Feeble excuse for a post

Posted on August 17, 2006


I haven’t blogged for a while because nothing has been happening of a bloggable nature, except taxi driver conversations, and I can hardly have a whole blog just about those. This dearth of bloggable events was caused by:

  1. E being sick for a week, which has been socially debilitating in various ways. No one else prowls around downtown with me in places of noteworthy character. I now go to her place and alarm her parents with my lack of demureness and inspect her already diminutive behind for shrinkage brought on by illness.
  2. A series of romantic kafuffles, which can regrettably not be shared here, although numerous Real Friendโ„ข conferences have been convened.
  3. The fact that I can’t blog about my rampantly blogworthy job and coworkers, both for reasons of legal confidentiality and in case any of them read this.

Actually, about the job: there is a farash in my office who is starting to annoy me. A farash is, I suppose, an office boy. He cleans the office and brings us drinks and food. Except, he’s hardly a boy โ€“ he must be well over 65. Anyway, seeing as I am one of the few females here that speaks Arabic, I am frequently the subject of his misguided attempts at gallantry/sexual harassment. I was warned in advance by K, who used to work here, that if he found out I was Christian he would be parading a series of stout Coptic boys from country churches in front of me with a view to marriage, so I’ve kept that very low-key (I have an ambiguous name and according to my friends, give out “Muslim vibes”). Anyway, so I think his behaviour is just basic lewdness, albeit halfhearted, not some sort of comradeship. Yesterday I asked the farash what happened to my mango yoghurt and he whipped it out of the fridge and said, “Mango for mango.” This is slightly more offensive in Arabic than it sounds in English, as fruit is frequently used here as some sort of sexual euphemism, especially for boobs. But I hate to kick up any kind of fuss as the dude is really one foot in the grave and does keep my three cups of tea coming without me even having to ask, even though I don’t arrive at any regular time.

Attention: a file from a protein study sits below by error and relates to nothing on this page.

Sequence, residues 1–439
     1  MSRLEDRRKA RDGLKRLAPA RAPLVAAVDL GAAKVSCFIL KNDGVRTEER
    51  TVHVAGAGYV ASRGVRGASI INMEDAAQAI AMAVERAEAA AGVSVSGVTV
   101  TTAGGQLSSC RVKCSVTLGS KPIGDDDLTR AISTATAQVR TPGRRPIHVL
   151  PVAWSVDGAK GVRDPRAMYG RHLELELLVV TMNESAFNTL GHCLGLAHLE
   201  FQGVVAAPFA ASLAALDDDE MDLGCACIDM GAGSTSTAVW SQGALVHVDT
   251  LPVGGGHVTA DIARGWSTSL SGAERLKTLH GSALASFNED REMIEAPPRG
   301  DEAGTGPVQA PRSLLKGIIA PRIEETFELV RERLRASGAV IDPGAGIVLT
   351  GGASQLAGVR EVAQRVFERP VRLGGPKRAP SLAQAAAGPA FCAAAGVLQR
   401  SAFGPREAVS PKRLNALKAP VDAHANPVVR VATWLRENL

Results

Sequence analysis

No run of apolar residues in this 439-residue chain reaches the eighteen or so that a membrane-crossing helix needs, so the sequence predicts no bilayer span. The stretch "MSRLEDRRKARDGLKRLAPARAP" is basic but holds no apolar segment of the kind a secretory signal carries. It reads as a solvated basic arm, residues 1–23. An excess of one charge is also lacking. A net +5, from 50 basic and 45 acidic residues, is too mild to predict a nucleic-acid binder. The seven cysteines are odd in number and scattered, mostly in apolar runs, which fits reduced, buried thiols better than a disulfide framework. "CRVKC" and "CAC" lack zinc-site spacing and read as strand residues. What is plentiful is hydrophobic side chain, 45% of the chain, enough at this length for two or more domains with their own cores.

Actually, one way I know how late I am to work is by the length of the line in front of the American Embassy, which I pass on my way to work. In the morning the people (none of whom ever look like they could possibly afford a trip to America) are sitting down on the shady sidewalk on the other side of the street. Sidewalks in Cairo are sick high so they provide comfortable seating (although uncomfortable descending). As time goes on, they move to line up in front of the actual embassy. One time I saw a man sitting on the sidewalk in a galabeya (Egyptian peasant robe) with a toddler on one knee. On the other side of him was a pale prosthetic leg leaning against the sidewalk, neatly clad in a shoe and sock. I was puzzled over why anyone would detach a limb, the very function of which is to give the appearance of reality, when I realized it was probably hard to sit on a sidewalk with it. Still, it’s not something you want aganeb to see!

Posted in: Egypt, friends, humour